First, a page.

Achieving a level of “good source” of potassium, currently at least 350 mg per serving, or even “excellent source,” at least 700 mg, is possible in such products as dairy products, fortified beverages, infant formula, nutritional products, prepared foods and baked foods, said Rocio Aramburo, market development manager, health and nutrition, for Jungbunzlauer, Inc., Newton Center, Mass.

Mr. Armstrong said getting enough potassium into an application is difficult because minerals such as potassium generally do not come in pure forms. Potassium may be found in potassium chloride and phosphate salts as well as in potassium gluconate and potassium citrate.

Sensory and economic issues come into play when working with potassium gluconate or potassium citrate, Ms. Aramburo said.

“Potassium gluconate displays a slightly bitter taste,” she said. “However, it also offers specific taste advantages over other potassium salts, and it is particularly favorable in matrixes and beverages.”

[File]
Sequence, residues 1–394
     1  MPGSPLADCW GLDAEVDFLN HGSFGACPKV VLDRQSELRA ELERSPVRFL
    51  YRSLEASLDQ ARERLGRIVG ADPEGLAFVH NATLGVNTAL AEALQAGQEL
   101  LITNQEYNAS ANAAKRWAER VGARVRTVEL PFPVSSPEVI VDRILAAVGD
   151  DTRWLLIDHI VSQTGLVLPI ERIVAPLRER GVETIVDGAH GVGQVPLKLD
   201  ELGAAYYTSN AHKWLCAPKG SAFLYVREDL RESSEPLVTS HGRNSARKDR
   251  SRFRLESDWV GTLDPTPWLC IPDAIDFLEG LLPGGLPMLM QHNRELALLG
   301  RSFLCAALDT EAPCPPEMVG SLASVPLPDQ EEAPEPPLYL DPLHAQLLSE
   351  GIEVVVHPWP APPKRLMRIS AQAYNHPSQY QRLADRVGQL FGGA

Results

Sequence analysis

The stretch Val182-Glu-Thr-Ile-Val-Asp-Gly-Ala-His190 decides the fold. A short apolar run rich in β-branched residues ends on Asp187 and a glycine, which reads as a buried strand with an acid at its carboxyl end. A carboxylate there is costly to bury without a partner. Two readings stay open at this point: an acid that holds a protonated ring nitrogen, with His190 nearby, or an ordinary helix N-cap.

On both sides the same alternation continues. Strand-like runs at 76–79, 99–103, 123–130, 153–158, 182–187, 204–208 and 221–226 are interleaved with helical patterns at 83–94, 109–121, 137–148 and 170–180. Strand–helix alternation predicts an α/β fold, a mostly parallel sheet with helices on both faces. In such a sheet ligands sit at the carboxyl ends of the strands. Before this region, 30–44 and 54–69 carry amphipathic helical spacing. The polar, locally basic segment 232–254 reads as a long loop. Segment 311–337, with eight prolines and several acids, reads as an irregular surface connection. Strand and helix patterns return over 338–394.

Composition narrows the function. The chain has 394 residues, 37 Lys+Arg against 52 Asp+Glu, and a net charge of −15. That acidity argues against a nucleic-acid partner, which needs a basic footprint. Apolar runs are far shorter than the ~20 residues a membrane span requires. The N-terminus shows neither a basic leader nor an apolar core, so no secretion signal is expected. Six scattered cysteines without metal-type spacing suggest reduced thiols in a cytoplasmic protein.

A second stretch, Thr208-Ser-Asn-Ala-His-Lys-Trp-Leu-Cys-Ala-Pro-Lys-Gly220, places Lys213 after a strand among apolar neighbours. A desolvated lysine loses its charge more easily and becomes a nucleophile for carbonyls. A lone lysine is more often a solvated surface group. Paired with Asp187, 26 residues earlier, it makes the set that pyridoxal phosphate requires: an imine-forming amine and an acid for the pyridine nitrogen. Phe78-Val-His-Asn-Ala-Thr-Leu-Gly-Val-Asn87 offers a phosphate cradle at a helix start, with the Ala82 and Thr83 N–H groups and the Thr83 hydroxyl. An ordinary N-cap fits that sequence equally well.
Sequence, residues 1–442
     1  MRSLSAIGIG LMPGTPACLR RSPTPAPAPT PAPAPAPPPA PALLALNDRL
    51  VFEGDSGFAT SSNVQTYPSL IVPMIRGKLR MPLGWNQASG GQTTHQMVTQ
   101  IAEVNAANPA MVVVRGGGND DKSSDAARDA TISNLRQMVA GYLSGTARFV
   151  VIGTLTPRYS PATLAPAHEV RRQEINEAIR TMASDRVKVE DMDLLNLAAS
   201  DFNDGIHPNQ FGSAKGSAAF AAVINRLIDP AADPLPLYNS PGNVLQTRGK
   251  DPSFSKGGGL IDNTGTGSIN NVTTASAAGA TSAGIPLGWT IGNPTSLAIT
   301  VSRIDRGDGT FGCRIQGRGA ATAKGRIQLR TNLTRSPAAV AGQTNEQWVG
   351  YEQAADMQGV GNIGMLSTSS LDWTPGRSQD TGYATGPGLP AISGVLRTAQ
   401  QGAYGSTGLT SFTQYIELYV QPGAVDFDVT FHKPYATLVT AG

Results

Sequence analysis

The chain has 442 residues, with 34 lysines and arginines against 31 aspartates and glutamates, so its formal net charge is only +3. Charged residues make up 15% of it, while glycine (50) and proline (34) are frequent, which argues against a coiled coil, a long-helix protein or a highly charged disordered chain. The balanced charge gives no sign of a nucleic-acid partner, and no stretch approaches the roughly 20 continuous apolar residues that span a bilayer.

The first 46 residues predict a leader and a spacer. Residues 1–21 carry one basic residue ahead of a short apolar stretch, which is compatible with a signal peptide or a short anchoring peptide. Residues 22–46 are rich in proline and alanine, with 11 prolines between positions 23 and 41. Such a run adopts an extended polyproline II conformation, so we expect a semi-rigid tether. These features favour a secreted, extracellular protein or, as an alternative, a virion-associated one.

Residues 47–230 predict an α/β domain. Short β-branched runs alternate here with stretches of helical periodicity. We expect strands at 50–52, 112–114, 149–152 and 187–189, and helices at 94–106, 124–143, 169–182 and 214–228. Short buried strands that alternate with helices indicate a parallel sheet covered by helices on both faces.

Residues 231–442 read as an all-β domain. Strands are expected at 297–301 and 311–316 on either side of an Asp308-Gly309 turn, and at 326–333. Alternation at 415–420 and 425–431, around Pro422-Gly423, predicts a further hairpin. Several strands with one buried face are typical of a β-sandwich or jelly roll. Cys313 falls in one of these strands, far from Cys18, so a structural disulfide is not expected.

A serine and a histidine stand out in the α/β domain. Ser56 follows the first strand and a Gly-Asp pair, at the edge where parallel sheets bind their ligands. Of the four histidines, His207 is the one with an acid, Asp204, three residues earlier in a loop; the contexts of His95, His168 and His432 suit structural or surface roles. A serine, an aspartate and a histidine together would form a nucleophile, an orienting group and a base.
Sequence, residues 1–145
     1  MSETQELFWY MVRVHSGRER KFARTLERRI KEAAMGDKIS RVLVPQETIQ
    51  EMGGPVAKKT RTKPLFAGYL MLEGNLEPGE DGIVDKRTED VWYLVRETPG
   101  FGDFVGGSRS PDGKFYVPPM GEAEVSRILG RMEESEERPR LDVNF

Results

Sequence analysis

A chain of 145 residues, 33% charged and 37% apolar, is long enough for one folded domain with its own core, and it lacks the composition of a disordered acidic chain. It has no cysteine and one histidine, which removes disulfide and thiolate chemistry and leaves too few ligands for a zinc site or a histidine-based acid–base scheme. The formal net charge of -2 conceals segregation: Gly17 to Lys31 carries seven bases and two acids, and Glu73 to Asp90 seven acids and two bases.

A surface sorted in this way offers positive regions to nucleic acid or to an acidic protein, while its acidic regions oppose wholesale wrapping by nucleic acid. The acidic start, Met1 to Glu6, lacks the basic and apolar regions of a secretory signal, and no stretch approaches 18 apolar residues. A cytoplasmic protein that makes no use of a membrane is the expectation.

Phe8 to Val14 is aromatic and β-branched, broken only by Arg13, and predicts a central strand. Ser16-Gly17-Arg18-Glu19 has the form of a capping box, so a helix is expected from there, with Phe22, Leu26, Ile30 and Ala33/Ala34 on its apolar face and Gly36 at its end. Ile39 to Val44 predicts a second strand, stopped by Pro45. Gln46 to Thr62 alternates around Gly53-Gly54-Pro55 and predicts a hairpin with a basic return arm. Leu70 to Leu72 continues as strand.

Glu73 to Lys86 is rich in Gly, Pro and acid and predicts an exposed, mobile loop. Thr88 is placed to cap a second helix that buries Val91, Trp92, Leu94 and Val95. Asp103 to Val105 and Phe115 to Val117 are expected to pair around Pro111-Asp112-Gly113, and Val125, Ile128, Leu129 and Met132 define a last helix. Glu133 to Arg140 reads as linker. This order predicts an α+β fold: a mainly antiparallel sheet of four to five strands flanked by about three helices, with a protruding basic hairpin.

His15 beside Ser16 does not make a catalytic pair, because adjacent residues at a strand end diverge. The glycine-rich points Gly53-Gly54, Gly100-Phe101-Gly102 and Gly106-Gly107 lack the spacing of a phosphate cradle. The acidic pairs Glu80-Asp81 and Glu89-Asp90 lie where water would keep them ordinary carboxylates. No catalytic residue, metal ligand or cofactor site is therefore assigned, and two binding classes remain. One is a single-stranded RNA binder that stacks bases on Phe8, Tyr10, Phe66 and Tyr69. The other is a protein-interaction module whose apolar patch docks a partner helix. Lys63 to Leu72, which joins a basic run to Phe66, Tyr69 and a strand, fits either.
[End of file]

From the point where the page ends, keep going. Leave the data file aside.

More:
The sensory profile of potassium gluconate fits better with fruity flavors.

“However, due to the lower mineral content of potassium gluconate in comparison to tripotassium citrate, it is less attractive from the economic point of view,” Ms. Aramburo said.

Potassium gluconate is 16.7% potassium while tripotassium citrate is 36.2% potassium, she said. Adding 2,096 mg of potassium gluconate per serving may achieve a claim of good source of potassium in a product while adding 4,192 mg may achieve a claim of excellent source, she said. Adding 967 mg of tripotassium citrate per serving may achieve a claim of good source of potassium in a product while adding 1,934 mg may achieve a claim of excellent source.